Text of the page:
Paraskevopoulou, Chrysothemis (Queen’s University) | Diederichs, Mark Stephen (Queen’s University) | Perras A., Matthew (Swiss Federal Institute of Technology) | Amann, Florian (Swiss Federal Institute of Technology) | Löw, Simon (Swiss Federal Institute of Technology) | Lam, Tom (Nuclear Waste Management Organization) | Jensen, Mark (Nuclear Waste Management Organization)
The generally accepted time frame for underground nuclear waste repositories is in the order of one million years. It is necessary to understand the time dependent mechanisms of the host rock and the gradual development of the irreversible deformations around repository excavations, as they will have an impact on the excavation damage zones. In this paper, constant strain testing (relaxation) and static load tests were used to improve our understanding of the time-dependent processes. Baseline Unconfined Compressive Strength (UCS) testing was performed on Jura Limestone to determine the damage thresholds, crack initiation (CI) and crack propagation (CD), and peak strength using strain based methods. The results were used to determine the load levels for the relaxation and static load tests. The average axial strains at the desired load levels were used as a control mechanism for the loading machine for the relaxation tests. This paper examines the deformation mechanisms that are dominant in time-dependent processes, with a focus on relaxation testing.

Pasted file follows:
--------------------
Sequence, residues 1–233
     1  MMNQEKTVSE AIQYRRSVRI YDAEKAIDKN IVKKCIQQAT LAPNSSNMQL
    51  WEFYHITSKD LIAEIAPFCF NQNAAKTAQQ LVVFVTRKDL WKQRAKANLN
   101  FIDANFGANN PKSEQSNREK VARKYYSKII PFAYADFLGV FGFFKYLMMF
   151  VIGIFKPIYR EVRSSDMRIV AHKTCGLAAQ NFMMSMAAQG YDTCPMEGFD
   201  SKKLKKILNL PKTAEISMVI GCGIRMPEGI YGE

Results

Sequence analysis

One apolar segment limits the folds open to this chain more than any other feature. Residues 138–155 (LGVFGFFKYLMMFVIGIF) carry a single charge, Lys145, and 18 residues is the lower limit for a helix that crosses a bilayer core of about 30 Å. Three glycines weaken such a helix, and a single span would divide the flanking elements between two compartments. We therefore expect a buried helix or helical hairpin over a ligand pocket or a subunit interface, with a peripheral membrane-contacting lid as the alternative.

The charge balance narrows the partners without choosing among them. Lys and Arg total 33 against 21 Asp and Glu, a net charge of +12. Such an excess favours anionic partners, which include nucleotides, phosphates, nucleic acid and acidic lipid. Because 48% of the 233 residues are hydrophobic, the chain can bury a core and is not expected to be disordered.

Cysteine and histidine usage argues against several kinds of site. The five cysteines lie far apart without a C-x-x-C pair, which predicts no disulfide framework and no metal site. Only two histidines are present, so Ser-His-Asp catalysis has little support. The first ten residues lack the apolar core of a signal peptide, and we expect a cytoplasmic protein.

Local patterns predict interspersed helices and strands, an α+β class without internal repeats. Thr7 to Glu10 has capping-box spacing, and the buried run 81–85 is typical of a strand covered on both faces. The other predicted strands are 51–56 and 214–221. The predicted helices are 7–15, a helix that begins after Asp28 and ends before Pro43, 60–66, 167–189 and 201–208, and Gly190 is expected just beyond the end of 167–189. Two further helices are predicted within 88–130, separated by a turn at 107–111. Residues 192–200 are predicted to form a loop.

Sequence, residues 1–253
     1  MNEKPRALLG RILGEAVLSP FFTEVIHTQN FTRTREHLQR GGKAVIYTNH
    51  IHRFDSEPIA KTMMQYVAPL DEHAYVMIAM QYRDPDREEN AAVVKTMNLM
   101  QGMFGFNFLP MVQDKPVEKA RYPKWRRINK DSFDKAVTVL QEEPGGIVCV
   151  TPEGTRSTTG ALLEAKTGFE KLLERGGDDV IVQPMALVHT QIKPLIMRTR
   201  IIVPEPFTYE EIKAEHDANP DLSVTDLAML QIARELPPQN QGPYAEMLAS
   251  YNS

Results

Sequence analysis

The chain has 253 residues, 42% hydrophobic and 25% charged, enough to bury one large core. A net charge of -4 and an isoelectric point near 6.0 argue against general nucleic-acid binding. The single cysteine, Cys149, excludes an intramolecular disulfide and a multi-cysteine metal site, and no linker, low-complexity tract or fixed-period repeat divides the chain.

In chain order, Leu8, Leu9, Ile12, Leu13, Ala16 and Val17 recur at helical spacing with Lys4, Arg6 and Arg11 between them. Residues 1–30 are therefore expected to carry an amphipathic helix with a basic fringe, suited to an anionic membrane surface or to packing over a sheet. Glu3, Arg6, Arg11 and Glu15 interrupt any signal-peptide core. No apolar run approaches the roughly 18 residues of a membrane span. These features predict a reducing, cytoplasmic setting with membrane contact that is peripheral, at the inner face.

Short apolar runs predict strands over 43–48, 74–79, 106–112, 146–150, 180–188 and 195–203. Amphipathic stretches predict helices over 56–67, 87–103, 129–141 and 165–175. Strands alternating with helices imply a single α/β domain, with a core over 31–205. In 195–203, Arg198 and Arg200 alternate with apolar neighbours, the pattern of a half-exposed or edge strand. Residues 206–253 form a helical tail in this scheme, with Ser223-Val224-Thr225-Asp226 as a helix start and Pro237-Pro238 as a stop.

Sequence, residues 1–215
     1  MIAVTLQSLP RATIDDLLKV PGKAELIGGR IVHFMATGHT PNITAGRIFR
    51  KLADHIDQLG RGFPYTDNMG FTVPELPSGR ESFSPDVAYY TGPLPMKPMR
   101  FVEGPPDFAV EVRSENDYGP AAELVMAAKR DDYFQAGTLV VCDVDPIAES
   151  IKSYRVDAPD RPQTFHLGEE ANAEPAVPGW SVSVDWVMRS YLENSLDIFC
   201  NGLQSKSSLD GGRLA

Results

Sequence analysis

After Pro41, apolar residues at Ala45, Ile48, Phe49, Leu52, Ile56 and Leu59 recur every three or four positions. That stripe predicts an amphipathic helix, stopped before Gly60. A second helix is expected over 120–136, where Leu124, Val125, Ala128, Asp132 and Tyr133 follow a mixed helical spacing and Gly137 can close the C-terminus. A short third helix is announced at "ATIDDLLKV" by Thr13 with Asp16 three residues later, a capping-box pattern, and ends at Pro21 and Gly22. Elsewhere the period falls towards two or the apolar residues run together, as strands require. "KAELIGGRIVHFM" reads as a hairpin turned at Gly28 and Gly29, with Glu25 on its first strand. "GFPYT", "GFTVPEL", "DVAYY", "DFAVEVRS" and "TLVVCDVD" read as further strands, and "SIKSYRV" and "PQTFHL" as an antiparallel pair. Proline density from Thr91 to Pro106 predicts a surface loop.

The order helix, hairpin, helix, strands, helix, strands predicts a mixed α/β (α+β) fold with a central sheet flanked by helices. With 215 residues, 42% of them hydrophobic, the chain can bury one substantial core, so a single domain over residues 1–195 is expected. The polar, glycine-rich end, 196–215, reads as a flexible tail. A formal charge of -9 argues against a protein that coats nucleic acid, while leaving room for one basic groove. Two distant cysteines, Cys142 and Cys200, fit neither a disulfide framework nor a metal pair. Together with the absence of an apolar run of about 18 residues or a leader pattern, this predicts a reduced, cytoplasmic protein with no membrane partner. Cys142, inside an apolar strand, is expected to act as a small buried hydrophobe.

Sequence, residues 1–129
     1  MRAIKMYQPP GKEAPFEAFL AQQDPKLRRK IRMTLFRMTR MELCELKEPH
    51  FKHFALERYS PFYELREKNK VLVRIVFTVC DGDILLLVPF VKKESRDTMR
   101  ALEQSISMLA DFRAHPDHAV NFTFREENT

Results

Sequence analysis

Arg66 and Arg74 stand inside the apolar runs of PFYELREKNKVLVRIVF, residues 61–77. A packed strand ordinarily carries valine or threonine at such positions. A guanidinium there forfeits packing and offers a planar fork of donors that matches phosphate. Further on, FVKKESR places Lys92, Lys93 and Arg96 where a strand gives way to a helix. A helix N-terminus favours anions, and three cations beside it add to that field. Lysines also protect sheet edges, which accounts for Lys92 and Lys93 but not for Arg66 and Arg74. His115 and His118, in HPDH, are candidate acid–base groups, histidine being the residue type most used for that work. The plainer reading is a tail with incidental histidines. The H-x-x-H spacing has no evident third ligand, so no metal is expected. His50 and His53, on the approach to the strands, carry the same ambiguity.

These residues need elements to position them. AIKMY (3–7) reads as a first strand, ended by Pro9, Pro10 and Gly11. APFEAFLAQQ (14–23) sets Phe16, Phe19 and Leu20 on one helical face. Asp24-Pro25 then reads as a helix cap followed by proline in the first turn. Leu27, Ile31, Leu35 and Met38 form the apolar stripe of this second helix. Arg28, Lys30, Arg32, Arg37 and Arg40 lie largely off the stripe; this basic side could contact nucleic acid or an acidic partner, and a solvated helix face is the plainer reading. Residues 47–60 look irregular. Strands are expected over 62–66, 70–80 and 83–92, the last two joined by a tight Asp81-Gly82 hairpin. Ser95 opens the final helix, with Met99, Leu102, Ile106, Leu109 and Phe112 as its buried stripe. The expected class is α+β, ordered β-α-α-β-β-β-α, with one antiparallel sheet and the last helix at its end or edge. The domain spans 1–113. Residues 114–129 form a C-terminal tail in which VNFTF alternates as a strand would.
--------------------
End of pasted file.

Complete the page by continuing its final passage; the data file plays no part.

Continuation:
In practice, the short-term excavation response and support performance is a primary focus in excavation design. Therefore, most site characterization and testing focuses on related short-term material properties. The stability and safety of underground excavations requires experimental test results for input into numerical modeling of the rock behavior, often for complex loading conditions. Challenges in numerical analysis for long-term underground excavation performance arise in implementing the long-term behavior where time-dependency issues such as swelling, squeezing or creep take place. The challenges include for example multiple mechanisms occurring at the same time or empirically derived constitutive models that can be mechanistically unsound, and/or impractical testing requirements for numerical inputs. This can yield incorrect results that could lead to overestimating or underestimating the support measures to be applied, impacting both the construction and the maintenance cost of the underground excavation. The purpose of this paper is to investigate the long-term behavior of brittle rocks, specifically of Jura Limestone, in respect to time-dependency and give insight for engineering applications, such as nuclear waste repository construction. The purpose of selecting the Jura limestone is to examine the testing procedure on a similar material to that proposed to host a Low and Intermediate Nuclear Waste Repository in Canada, in the Cobourg Limestone. A better understanding of the rock deformability and strength over a long time period is of special importance in the design of nuclear waste repositories in order to predict the ability of the rock to isolate the waste from the biosphere (Damjanac & Fairhurst 2010).